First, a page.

It ain’t easy being a magazine in the digital age. Being a food magazine in what has become a very crowded market in New Zealand is even tougher. ACP’s Taste magazine didn’t fare too well in the most recent circulation and readership results and in a bid to position itself in a unique space against the competition, it has been at the centre of an editorial and design overhaul. The relaunched issue went out to the masses this month but is still very much a work in progress.
It’s fair to say new editor in chief, Emily Simpson, is feeling pretty confident about its future.
“I think we’re really tapping into the zeitgeist...I feel like Taste is going to be the one people look to now and see what we do next. There’s nobody out there that surprises me. I feel like I know what they’re doing, where as we’ve got surprises up our sleeve.”
Simpson, the former editor of Pro Design and Sunday magazine, and current editor in chief of Little Treasures, has been joined by the extremely well-bearded designer Charlie McKay, who’ll hold onto the design reins though to October.
Simpson says that while the magazine had a loyal following of subscribers and regular retail customers, its recognition among the general public was a bit more “nebulous” in comparison to titles like Cuisine, Healthy Food Guide and Foodtown’s Food magazine.
Launched seven years ago, Simpson says Taste’s mission was to be a “more friendly, accessible alternative to Cuisine, which at that time was the one everyone thought of”.
But as more and more titles entered the market over the years, things got a little confused.
“You’ve got this really crowded, bustling, cheap and cheerful end and then you’ve got Cuisine which people think of as being all-class...and then you have this hole in the middle which to me is not a hole, it’s actually where most people live,” says Simpson.
That hole, she adds, encompasses those who want to eat well and feel good without wanting to count how many teaspoons of sodium there are in everything they eat. And it involves tapping into all the exciting things that are happening in food, be it eating local, growing your own food or exploring international cuisine.
“There was this big revolution of food that was not being tapped into by any of the magazines and that’s where I wanted to position it.”
Its gardening section demonstrates that change in thinking. Where it once focused to how to cook something seasonal from your garden, the focus is now more on creating mini profiles on young people who grow food in an urban space, the current issue featuring someone who made their glass house using recycled glass.
Elsewhere, Simpson is keen to foster a more personal relationship between readers and regular contributors, and to tap into the psychology of how people cook and eat, “and how we can demystify it and make it easy and simple.”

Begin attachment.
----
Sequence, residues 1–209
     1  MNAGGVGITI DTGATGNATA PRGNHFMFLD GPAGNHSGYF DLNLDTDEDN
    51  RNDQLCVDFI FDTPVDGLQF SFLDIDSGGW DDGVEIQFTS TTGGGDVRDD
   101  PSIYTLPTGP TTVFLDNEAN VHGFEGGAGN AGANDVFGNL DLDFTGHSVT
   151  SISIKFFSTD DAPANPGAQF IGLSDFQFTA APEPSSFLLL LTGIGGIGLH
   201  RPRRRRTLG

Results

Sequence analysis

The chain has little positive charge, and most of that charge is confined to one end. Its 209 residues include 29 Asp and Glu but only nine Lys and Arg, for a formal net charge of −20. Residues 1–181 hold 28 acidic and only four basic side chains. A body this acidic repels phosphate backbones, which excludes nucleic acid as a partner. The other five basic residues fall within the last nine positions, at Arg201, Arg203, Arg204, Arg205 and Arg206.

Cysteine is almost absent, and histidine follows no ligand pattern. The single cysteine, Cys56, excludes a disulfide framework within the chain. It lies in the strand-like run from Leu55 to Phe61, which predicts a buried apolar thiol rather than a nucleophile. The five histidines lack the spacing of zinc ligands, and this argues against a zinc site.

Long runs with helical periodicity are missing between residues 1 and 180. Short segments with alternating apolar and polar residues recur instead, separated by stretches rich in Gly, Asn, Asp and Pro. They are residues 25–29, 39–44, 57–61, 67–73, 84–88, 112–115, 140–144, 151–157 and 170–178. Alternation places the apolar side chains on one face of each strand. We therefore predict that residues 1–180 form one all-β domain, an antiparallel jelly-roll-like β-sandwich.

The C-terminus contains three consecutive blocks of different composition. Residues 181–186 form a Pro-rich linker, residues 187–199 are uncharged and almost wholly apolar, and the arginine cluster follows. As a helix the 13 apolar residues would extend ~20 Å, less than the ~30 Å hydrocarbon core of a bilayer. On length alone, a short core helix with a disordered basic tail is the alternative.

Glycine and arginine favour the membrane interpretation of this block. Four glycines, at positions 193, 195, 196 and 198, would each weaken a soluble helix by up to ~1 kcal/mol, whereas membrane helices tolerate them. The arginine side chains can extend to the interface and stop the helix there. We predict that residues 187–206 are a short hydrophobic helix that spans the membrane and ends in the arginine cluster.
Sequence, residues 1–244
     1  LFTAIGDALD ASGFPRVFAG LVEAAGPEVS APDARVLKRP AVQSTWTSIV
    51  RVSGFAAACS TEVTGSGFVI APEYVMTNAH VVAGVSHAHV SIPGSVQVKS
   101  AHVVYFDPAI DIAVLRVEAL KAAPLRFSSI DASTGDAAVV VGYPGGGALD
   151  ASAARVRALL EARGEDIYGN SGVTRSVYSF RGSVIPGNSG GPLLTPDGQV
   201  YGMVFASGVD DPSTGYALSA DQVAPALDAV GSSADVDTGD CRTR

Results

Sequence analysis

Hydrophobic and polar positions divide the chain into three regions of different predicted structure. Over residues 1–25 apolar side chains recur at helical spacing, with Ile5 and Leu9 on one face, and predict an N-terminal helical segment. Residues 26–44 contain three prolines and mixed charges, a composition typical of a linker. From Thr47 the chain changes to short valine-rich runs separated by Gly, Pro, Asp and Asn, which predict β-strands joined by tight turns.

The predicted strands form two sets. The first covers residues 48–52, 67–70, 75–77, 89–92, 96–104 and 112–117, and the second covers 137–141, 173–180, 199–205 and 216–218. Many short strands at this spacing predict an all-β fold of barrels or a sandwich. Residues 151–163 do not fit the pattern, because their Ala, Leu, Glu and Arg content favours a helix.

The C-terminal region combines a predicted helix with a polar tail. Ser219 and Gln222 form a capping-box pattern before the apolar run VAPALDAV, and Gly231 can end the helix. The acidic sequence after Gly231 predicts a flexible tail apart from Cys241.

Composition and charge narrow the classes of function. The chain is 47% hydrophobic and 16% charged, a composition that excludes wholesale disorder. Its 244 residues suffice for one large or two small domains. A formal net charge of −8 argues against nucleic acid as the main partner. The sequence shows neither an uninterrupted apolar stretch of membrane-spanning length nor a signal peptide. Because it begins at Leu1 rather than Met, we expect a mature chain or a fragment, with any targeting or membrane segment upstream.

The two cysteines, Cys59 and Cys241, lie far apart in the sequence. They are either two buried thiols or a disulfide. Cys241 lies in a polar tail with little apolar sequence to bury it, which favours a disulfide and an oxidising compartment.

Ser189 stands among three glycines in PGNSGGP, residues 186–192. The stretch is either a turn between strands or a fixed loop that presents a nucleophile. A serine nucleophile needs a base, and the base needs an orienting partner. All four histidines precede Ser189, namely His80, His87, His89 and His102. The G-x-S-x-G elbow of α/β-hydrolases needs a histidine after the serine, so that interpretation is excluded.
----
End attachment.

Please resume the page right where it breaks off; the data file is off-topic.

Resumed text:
“People don’t necessarily use recipes every night — they go off the knowledge they have in their brains. So we’re trying to inform people with basic ideas like sauces that aren’t basically recipes, but advice on what flavours go together."
From a design perspective, the magazine has to look good on your coffee table, says Simpson, something especially pertinent in the internet age.
“Information is not enough in a magazine. They have to be a nice thing to hold and to have because you can Google how to make just about anything.”
McKay says the magazine has been through a number of different looks over a fairly short amount of time, leaving it feeling a little bit confused.
“I basically tried to remove a lot of design. It was too complicated. I really just want to make the food hero. Bigger pictures, simple type. Bold simplicity is the idea and I think having a bit of fun with the way the photography is produced is key as well.”
As for the competition, McKay says you can’t get too hung up on what they’re doing, or you’ll just end up “being part of the wallpaper and blending into the newsstand.”
“I just want to make the magazine a nice object to look at and have around the home, whilst also being a useful resource that is fun to use.”
Of course no editor is going to be negative about a relaunch, and you’d expect Simpson to say readers and advertisers have been supportive and positive about the new look and editorial direction. And she is, but admits there were a couple of grumbles.
“We took a giant step in July and then we’re going to spend the next year fine tuning it. Every issue is going to be better.”
No doubt ACP will be counting on it. Losing 15,000 readers in the recent Nielsen Magazine Comparatives Q2 2011 - Q1 2012 readership results, it fared worse than many other food titles, particularly Foodtown’s re-branded magazine Food, which upped its readership by an impressive 59,000 readers to reach 391,000 over the same period last year. Taste’s current circulation stands at 26, 046 with a readership of 202,000.